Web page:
Mesial Temporal Sclerosis (MTS)
What Is Mesial Temporal Sclerosis?
Mesial temporal sclerosis (MTS) is a term used to describe scarring in the deep part of the temporal lobe of the brain. MTS is the most common cause of structural epilepsy and focal seizures in the temporal lobe. MTS affects the hippocampus which is the brain region that is involved in memory formation and retrieval, and the amygdala which is involved in emotional processing.
Symptoms of MTS
Mesial temporal sclerosis symptoms include the following:
- Strange sensations, such as auras, euphoria, déjà vu, jamais vu, or fear
- Changes in behavior/emotions
- Muscle spasms
- Temporal Lobe Epilepsy
What Types Of Seizures May Be Seen With MTS?
- Mesial temporal sclerosis is associated with focal seizures. These can present as tonic-clonic seizures or focal seizures with and without impaired awareness.
- Seizures often begin with feeling of a rising sensation in the stomach and throat, feeling sick to ones stomach, fear or anxiety, pause in behavior (behavioral arrest), Déjà vu (feeling of familiarity of the situation as if it happened before), jamais vu (feeling of unfamiliarity) or rarely an abnormal and unpleasant taste or smell. These are symptoms that are typical in focal seizures without loss of awareness.
- When the seizure evolves into a focal seizure with loss of awareness, motor features can present with abnormal twisting motions of the hand or with automatic movements like hand picking or fumbling, or mouth chewing and lip smacking.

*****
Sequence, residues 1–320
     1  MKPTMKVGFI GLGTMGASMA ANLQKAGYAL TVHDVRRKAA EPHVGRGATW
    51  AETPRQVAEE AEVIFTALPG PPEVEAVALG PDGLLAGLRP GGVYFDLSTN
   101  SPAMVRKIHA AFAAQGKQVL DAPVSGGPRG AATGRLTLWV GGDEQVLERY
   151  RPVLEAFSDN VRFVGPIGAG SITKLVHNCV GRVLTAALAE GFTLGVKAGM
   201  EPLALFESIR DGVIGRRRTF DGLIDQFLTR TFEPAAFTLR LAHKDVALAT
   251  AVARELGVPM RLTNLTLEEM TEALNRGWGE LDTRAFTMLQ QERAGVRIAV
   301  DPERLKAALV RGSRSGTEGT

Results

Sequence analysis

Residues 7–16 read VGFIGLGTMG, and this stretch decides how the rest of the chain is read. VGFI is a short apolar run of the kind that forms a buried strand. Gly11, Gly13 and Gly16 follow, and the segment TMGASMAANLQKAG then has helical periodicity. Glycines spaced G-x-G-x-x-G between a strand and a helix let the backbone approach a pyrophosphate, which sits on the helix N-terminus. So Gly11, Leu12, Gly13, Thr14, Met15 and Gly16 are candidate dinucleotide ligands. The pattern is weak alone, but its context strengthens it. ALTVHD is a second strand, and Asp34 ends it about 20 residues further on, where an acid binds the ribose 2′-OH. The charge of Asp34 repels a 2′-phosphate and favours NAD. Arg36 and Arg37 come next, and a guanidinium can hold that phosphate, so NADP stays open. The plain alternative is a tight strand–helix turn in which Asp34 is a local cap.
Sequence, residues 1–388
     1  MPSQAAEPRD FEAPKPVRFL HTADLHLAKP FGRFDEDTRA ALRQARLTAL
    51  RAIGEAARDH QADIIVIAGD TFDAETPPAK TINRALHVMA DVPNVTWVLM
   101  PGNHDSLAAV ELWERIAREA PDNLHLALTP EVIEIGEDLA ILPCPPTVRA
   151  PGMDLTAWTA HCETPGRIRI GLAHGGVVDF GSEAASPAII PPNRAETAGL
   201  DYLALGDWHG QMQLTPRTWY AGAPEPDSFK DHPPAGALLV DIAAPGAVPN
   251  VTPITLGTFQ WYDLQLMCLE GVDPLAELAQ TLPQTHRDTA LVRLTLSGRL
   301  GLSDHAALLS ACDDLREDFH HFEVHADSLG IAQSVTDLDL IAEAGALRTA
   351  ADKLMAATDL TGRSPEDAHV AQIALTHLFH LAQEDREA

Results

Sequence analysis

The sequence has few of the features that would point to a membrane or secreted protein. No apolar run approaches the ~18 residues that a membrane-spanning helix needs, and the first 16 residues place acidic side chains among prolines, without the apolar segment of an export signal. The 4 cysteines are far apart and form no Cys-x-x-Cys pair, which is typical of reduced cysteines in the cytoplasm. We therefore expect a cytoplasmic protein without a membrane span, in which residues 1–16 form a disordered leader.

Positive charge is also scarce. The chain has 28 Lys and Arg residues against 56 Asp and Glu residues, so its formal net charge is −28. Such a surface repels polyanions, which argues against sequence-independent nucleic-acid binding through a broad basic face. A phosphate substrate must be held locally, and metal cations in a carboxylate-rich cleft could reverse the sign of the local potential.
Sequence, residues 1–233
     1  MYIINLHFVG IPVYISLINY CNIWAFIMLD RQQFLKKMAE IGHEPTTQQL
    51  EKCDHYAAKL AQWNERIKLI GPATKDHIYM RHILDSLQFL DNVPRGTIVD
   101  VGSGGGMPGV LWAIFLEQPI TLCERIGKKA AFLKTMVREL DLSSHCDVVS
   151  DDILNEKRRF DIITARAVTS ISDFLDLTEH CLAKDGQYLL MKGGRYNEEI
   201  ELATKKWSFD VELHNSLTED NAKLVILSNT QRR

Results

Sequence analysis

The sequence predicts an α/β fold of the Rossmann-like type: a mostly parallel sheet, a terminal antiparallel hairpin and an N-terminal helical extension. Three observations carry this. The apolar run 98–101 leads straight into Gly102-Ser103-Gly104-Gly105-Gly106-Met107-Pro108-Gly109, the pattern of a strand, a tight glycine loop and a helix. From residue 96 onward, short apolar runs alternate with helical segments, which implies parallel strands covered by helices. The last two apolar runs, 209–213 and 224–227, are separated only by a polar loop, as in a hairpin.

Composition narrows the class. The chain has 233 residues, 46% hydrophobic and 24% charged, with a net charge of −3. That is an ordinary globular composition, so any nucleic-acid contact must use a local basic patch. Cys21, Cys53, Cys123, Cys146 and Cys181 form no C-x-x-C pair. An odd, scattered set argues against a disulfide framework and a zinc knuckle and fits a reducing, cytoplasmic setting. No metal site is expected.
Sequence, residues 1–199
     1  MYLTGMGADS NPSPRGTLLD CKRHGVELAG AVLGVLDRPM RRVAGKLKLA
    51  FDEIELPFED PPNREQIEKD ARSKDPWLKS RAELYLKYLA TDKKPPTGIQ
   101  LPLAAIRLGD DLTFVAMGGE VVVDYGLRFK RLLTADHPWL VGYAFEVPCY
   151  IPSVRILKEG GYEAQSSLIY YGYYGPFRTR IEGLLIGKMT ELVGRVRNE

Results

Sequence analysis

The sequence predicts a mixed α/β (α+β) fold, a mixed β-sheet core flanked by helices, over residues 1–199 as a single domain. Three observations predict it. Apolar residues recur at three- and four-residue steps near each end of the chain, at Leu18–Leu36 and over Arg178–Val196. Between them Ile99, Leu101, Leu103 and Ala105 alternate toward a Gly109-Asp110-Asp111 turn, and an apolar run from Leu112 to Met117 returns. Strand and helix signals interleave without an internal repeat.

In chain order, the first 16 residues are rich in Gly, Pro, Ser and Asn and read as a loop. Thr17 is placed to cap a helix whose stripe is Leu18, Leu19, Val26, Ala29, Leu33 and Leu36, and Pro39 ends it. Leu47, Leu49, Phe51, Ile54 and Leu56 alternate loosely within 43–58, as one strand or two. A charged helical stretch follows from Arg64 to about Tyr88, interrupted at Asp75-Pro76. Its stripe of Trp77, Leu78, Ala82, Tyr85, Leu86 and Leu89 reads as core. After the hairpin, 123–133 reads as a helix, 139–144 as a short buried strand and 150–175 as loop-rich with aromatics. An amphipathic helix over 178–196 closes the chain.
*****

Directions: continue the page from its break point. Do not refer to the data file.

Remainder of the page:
- Some seizures can evolve to a generalized tonic-clonic seizure.
- Because the seizures can involve language and memory areas, the seizures are often associated with inability to recall having had a seizure and with a transient inability to speak or inability to understand language during and shortly after the seizure.
How Is MTS Diagnosed?
The diagnosis of mesial temporal sclerosis includes detailed history and physical examination. A history of a prolonged seizure with fever in early life can be a risk factor for development of MTS.
The MRI shows characteristic abnormal signal in the deep structures of the temporal lobe with scarring.
Neuropsychology testing will often reveal signs of the disturbed function of the temporal structures, such as poor memory function or psychiatric disorders like depression and anxiety.
Electroencephalography (EEG) shows epileptiform discharges, an excess electrical activity seen with epilepsy, in the region where the temporal lobe is located.
Figure: This MRI shows left mesial temporal sclerosis with a small and bright hippocampus with loss of internal structures.
What Causes MTS?
The exact cause of mesial temporal sclerosis is still unclear. Some cases can result from injury to this part of the brain from prolonged febrile seizures. In other cases, a genetic susceptibility can play a role as well especially in cases where family members have had similar seizures. Other causes are related to viral infection and encephalitis, due to viruses such as human herpes virus type 6 (HHV-6), or to autoimmune disease where the immune system makes proteins that can attack the brain. Prolonged seizures and status epilepticus can also cause damage to the temporal lobe and induce MTS in patients with different other types of epilepsy.
How Is MTS Treated?
The first line treatment are antiseizure medications. There is no evidence that any one medication is most effective. If the first medication fails to control seizures, a second medication is typically tried. If two medications have not worked to stop seizures at good doses, seizures are considered drug-resistant, as further medicines are unlikely to be successful.